Pneumonia: the Silent Killer?
Did you know?
Pneumonia is an infectious respiratory disease that affects the lungs and is associated with high mortality, especially among young children and the elderly. According to the Global Burden of Disease, about 75% of the pneumonia deaths are within Children <5 years and older adults of >70 years and older. In 2019, pneumonia claimed the lives of approximately 700,000 children and 1,000,000 elderly people worldwide. COVID-19 could add an additional 1.9 million to the death toll this year over the total world population.
Studying existing data
In Europe, the prevalence of Community-acquired pneumonia (CAP) is known to be around 14 per 1000 habitants. Although the set of causes of CAP is not always known, Streptococcus pneumonia appears to be the most frequently identified pathogen. The presence of underlying comorbidities diseases and a decline in immune system both contribute to an increased risk of pneumonia in the elderly. The IMI2-VITAL data source review identified several studies conducted within the elderly population reporting composite burden of disease (BoD) measures for CAP, although not specifically for pneumococcal pneumonia. A previous review revealed important data and knowledge gaps pertaining to CAP in the elderly, including scarce information on etiology and outpatient incidence data and lacking composite BoD measures. As such it has been decided to comprehensively study the BoD of pneumococcal pneumonia using a composite BoD measure within VITAL Work Package 1. The team will use two of the highest quality health databases in Europe: the ones from Denmark and The Valencia Region of Spain. The results will provide evidence-based knowledge on possible specific vaccination strategies to improve healthy ageing.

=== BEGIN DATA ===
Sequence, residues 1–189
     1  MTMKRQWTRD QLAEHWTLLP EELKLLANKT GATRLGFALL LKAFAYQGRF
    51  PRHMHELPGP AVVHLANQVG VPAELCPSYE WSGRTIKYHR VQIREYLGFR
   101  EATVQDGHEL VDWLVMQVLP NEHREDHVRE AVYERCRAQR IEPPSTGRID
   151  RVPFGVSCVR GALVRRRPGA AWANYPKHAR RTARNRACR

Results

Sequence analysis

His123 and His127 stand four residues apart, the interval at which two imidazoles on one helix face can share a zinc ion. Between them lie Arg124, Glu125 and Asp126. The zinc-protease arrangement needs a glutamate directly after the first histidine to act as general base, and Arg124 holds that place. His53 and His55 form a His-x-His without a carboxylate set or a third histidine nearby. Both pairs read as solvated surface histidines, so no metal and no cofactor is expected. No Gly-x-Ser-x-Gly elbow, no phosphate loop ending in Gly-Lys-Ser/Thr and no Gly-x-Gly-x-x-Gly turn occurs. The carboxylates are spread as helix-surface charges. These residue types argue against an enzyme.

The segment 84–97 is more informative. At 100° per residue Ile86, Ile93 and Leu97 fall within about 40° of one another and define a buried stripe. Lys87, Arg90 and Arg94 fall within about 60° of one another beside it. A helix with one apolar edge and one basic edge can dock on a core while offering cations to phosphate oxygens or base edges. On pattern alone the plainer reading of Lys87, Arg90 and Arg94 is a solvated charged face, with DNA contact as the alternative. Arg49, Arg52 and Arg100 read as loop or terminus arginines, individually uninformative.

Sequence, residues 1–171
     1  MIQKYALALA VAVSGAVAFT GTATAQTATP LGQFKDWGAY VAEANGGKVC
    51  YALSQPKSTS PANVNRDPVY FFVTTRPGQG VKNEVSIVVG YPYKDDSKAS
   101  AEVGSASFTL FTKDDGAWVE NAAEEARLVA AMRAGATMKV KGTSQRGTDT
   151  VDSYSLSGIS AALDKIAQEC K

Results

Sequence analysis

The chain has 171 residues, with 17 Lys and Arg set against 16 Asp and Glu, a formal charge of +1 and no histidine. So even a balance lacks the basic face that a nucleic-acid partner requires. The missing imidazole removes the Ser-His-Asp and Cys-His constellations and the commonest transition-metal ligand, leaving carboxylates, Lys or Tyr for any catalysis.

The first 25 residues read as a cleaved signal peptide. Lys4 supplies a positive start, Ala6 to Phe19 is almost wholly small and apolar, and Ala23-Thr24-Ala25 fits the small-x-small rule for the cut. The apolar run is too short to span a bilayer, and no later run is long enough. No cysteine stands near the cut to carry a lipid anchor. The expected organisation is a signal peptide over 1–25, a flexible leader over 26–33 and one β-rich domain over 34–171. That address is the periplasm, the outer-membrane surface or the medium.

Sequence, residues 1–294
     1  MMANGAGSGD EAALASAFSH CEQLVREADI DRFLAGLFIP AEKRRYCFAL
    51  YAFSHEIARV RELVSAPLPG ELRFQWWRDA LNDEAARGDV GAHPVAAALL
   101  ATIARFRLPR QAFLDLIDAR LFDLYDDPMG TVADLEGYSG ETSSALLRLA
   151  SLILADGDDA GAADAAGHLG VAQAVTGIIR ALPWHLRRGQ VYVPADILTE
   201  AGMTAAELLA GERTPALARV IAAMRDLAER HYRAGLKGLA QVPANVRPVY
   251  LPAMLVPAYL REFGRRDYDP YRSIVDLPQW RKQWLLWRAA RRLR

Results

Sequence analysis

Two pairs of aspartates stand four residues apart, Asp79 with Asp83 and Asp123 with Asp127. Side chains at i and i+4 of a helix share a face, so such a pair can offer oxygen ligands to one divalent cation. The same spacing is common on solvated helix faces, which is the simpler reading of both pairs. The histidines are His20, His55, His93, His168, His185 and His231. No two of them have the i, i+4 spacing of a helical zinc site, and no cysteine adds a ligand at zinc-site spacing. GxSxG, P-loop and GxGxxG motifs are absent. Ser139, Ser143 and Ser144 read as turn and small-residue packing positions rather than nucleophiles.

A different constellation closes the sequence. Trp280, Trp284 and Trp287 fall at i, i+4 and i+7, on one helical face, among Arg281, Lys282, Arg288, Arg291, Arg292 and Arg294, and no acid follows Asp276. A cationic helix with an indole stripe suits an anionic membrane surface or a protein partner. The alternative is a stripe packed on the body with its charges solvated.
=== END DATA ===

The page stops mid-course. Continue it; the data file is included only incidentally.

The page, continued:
A vaccination to do the trick?
VITAL’s Work Package 2 is performing a clinical vaccination study on the immune responses to influenza and pneumococcal conjugate vaccines in older adults compared to middle-aged adults and adults. This study aims to compare the immune responses induced by two vaccines and helps to understand underlying mechanisms of non-responsiveness in different age groups. All participants of the study received the seasonal influenza vaccine (quadrivalent inactivated influenza vaccine) during autumn 2019 or 2020. A pneumococcal vaccination (13-valent pneumococcal conjugate vaccine, PCV13) is given to the same individuals. This vaccine can reduce the chance to invasive pneumococcal disease and, to a lesser extent, community acquired pneumonia. Currently the team has finished the vaccinations of PCV13 in their study and will continue their analysis.
“If we want to have a healthy adult population and maintain our public health systems, we must start thinking that vaccines are not just for children. We have at least two available vaccines to prevent pneumonia: Influenza and pneumococcal vaccines. We just need to use them!”